By Christie Tate
If you are Southern, or were raised by Southern women, you may understand my complicated relationship to lip gloss. If not, this may all sound absurd to you and you will be in good company– with my husband, all of the other mothers in my playgroup and my Yankee neighbors.
Like most new-ish mothers, I am starting to see the ways in which I am just like my mother who hales from Baton Rouge and raised me in Texas. Like my mother, I cook decently but don't particularly like it. We both were extremely high achievers and both of us opted to take time off the career track to raise our children. We also both have lip gloss stashed all over the house: in the secret pocket of every purse, in the kitchen junk drawer and behind the family portrait on the mantle. You never know when the urge to gloss will strike and we both plan to be ready when it does.
Not surprisingly, my daughter Sadie, who is not yet three, already has a long history with lipstick. By ten-months-old, she demonstrated the ability to find my gloss stash no matter how well I thought I hid it. She's christened both her bedroom wall and her bed with my favorite shade of sienna brown. She’s eaten about $40 worth of Sephora lip gloss.
Never once has Sadie exhibited behavior that suggests she is emotionally or developmentally mature enough to shoulder the burden of lipstick. So, why do I keep buying it for her?
My latest gaffe involved an innocent, transparent glittery gloss in a tube adorned with Snow White. This gloss was not for a beauty pageant tot; it's just for fun. It's not to make Sadie look sexy. I am not going for Jon-Benet Ramsey. I am a feminist for God's sakes. I kept my own last name; I refuse to color the gray out of my hair; and I don't want Sadie to see herself as a sex object, a doll or a decoration. But I still love lip gloss. So I find myself buying it and giving to her over and over, with predictably bad results.
For example, less than three hours into Sadie's relationship with the Snow White lip gloss, I found her in the kitchen smearing it all over her toes and the silverware drawer.
"Sadie! What are you doing? You know lipstick is for lips. Why are you doing that?" I wish I could report that I calmly uttered those words, but I didn't. I shrieked 'em.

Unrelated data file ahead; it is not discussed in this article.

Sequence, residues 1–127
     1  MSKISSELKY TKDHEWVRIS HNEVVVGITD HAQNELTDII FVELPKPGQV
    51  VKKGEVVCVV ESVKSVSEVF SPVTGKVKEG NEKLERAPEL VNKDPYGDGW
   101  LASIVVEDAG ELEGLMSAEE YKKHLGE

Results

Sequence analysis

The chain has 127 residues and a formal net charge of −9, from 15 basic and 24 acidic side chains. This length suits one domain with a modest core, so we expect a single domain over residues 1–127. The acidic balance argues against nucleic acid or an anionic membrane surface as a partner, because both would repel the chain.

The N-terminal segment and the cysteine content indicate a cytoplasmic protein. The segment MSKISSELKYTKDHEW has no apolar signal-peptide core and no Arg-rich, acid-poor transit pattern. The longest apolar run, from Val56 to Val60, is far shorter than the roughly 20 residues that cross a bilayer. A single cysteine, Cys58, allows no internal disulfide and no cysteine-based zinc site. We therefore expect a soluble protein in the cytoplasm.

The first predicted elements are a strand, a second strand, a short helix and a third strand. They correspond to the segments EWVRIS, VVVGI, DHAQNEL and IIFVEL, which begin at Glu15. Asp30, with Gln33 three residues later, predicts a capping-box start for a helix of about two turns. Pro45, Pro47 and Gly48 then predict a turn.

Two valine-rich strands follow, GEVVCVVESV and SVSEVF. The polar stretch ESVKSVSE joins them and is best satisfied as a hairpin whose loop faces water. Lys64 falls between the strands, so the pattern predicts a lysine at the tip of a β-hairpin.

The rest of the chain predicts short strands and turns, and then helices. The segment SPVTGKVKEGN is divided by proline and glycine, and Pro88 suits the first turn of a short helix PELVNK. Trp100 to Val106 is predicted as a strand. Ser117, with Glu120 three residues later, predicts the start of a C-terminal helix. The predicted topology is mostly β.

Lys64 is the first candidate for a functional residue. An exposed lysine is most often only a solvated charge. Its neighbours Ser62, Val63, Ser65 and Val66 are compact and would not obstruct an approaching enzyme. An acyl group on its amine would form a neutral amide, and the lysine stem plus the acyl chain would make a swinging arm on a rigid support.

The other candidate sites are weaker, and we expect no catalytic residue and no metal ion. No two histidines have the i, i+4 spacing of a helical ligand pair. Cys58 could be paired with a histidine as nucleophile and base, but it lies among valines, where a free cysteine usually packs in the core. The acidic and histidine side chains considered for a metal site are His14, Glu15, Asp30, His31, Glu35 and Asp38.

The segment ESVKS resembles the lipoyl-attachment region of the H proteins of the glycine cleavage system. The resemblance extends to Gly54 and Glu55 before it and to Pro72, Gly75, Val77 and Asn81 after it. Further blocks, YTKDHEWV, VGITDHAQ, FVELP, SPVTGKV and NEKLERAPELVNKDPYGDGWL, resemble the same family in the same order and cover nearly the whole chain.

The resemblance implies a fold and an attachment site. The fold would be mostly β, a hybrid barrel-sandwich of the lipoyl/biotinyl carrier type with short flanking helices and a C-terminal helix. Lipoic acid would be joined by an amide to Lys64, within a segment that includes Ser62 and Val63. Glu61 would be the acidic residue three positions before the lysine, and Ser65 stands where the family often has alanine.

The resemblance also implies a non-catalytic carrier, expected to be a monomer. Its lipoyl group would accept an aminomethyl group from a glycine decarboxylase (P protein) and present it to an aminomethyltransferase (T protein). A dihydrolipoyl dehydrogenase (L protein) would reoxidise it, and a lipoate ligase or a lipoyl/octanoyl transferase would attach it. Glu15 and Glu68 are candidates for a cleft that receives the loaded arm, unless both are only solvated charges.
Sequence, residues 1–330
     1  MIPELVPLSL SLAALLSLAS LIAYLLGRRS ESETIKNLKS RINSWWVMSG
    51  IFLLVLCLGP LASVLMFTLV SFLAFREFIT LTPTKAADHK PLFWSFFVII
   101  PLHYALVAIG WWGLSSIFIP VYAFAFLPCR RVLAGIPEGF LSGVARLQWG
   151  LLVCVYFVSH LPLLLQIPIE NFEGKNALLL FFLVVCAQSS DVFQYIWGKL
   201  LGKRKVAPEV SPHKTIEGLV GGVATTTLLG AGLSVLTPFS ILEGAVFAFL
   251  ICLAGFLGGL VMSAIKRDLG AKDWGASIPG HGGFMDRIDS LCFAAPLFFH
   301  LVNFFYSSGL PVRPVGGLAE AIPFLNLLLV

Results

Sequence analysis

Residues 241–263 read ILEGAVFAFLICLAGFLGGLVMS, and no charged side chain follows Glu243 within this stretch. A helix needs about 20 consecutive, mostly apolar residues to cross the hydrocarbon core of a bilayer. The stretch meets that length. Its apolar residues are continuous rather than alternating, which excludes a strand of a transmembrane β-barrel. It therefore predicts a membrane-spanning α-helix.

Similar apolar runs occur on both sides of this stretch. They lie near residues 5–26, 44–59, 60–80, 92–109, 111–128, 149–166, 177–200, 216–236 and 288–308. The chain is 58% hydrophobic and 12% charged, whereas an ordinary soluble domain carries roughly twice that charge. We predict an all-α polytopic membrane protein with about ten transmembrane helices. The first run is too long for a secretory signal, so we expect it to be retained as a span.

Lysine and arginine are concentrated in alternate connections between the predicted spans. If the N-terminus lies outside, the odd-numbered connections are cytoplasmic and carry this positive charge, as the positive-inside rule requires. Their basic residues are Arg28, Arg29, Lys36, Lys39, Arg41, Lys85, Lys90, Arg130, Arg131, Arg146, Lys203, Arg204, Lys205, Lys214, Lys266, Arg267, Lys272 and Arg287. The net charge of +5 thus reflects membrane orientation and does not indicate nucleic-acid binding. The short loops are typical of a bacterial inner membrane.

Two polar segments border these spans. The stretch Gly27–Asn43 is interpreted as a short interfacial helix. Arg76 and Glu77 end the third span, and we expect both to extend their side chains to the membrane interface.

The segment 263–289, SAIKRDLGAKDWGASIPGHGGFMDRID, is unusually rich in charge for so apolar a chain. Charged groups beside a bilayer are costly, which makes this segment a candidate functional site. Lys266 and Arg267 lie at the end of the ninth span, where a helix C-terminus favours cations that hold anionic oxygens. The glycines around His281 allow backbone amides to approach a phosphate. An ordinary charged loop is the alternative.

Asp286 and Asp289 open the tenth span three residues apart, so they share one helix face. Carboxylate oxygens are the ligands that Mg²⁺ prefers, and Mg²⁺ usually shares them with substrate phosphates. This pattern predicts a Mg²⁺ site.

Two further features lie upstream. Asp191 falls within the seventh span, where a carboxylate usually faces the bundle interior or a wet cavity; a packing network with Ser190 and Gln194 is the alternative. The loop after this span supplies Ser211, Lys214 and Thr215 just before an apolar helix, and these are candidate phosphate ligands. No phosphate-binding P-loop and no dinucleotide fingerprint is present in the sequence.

"Mommy, I am too young for lipstick. Maybe when I am four."
I froze, taking in that my two-year-old was grasping that the lipstick I kept foisting on her was too much for her to handle. The temptation to gloss the furniture and her extremities was too great. She was too young; she just said so herself.
After a deep breath and some strenuous cleaning of the kitchen drawers and Sadie, I conceded fully that it was a mess of my own making. The evidence had been clear. Sadie wasn't having fun with the lip gloss– to her it was agonizing to limit it to her lips when she could see that there were so many things just lying around begging to be lubed. This wasn't fun. It was torture.
And as I reflect on my insistence that Sadie and I share some connection around lip gloss, I can see a deeper wish to make manifest the connection between myself as daughter (to my lip-gloss-obsessed mother) and myself as mother (to my daughter who so far only wants to eat it and smear it on appliances). There must be a better way to connect these parts of myself and these generations. Something less sticky.
I don't know what that “something” will be, but I am open to suggestions. In the meantime, I have promised Sadie, my husband and myself that lip gloss is off the table for a minimum of 58 weeks, while we explore age-appropriate activities… like mascara and Brazilian waxing.
Christie Tate is a Chicago-based lawyer, legal writing professor, and mother to Sadie and Simon. She's obsessed with Costco, Zumba teachers, and her blog. Visit her there at www.outlawmama.com